To send a donation to the accredited Disaster Emergency Fund call 03706060900
This was announced by Fern Britton on BBC2.
It was automated but is quite straight forward and they read it all back to you to avoid any mistakes.

Wednesday, January 13, 2010

What a Joy!

I have just watched this brilliant movie with my heart in my mouth for much of the time - you never know with Danny Boyle and destiny - I won't give away the ending but but there was a glorious all singing and dancing finale. It was great to be in Mumbai again and see the Taj - even the train looked familiar. Bravo!
Snow again.

Well they did say the SW would get it again. I walked down to the town yesterday for a dentist’s appointment (all fine just a crown tidied) bought birthday cards up till March, had the new pad affixed to my glasses and tried on and rejected two winter coats. Then last night – for some reason felt as if I had cracked ribs. This morning it has eased off but the snow has decided me and in spite of being all behind – figuratively speaking – I’m going back to bed to resist the temptation of trying to catch up.

Fortunately we are well stocked after a big shop. One of our old neighbours fell on the ice, broke a leg and is in hospital where visitors are not allowed because of infection. So no-one is going anywhere for a while. Take care!

Sunday, January 10, 2010

False Economy?

Wandering round Tescos – doing our last big shop – now almost depleted and no sign of a let up in the big freeze – MTL said:

‘Choose some flowers.’ Concerned at the way our food bills have shot up and afraid to hazard a guess at what our fuel bills will be I said:

‘Oh – I was going to economise and not get any.’

In the end I obeyed my husband and am glad I did; the flowers bring some cheer to this debilitating cold.

And nobody knows (Tiddely pom)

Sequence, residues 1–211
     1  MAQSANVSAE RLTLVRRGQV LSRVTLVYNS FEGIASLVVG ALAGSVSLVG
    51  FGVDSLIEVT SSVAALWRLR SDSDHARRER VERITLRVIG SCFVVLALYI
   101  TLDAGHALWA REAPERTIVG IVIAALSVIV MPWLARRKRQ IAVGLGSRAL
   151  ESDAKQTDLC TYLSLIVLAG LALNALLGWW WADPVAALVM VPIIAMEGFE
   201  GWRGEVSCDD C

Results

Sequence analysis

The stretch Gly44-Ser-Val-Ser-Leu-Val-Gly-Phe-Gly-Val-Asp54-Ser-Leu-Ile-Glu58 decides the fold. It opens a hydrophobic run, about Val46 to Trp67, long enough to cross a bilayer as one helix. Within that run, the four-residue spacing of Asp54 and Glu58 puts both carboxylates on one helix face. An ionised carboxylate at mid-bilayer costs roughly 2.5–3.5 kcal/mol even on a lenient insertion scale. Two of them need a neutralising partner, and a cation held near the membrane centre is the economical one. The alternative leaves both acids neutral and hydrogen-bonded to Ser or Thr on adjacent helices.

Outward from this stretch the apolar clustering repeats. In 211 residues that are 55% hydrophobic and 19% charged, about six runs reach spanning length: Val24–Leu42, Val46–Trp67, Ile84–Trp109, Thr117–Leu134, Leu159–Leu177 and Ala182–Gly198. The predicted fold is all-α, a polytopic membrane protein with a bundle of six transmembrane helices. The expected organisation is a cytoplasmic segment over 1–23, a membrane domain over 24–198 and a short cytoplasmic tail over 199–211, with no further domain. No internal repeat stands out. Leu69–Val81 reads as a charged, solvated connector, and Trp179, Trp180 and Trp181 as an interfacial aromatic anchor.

How cold my toes (Tiddely pom)

How cold my toees (Tiddely pom)

Are growing.

A.A,Milne 1882-1956

Some say the world will end in fire

Some say in ice.

From what I’ve tasted of desire

I hold with those who favour fire.

Robert Frost 1875-1963

Economy is going without something you do want in case you should , some day, want something you probably don’t want.

Anthony Hope 1863-1933

Though nothing can bring back the hour

Of splendour in the grass, of glory in the flower.

To me the meanest flower that blows can give

Thoughts that do often lie too deep for tears.

William Wordsworth 1770-1850

Are you feeling the pinch? How would you economise? Are flowers a needless expenditure?

Flowers - a needless expenditure?
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Friday, January 08, 2010

A Great Night Out

Reeves Restaurant in Dunster was recommended to us by a number of people and we chose it for the anniversary of our reunion 31 years ago. Don't go out unless you have to was ringing in our ears but with advice from people on the spot we took a calculated risk which gave an extra frisson of excitement to the outing. We were told the Reeves have travelled extensively and the restaurant is full of memetoes from their wanderings. The effect is like an Aladdin's cave - both exotic and pleasing. It certainly lived up to its reputation of fine dining
and we both had an excellent night's sleep afterwards always a telling indication IMO.

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Unusual art work - the lambs were silent.

Seating ares to have drink and look at the menu.
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A view of the dining area

I loved the butter rose and the bread was to die for so I threw caution to the wind and tucked in.

I loved this crispy chicken and courgette tempura with lemon syrup - my starter. MTL had chowder soup which he proclaimed very good.

This was my roast rump of lamb with a crispy parsnip crust on a mint and redcurrant reduction.
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Paella for MTL

MTL had a white and dark chocolate dessert. It was delicious.

A sort of Eton Mess with rhubarb inteadof raspberries

There were truffles - briefly - then back home, replete and happy.
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Thursday, January 07, 2010

Mission Accomplished

We had a phone call from the restaurant to check if we wanted to cancel and decided that as long as the taxi driver appeared we would turn up if they were happy about that - they had been having cancellations - possibly from clients further inland. Our driver turned up promptly and said the road was fine between Minehead and Dunster and he promised to come for us when we phoned. It was a calculated risk which I'm happy we took - it was a delightful evening - of which more later.

Looking down towards the castle - the tree is still up.

Looking up towards the Yarn Market.
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Wednesday, January 06, 2010

A Rare View for us

The north wind doth blow and we do have snow but the roar of the wind makes me wonder if tonight's jaunt will be wise.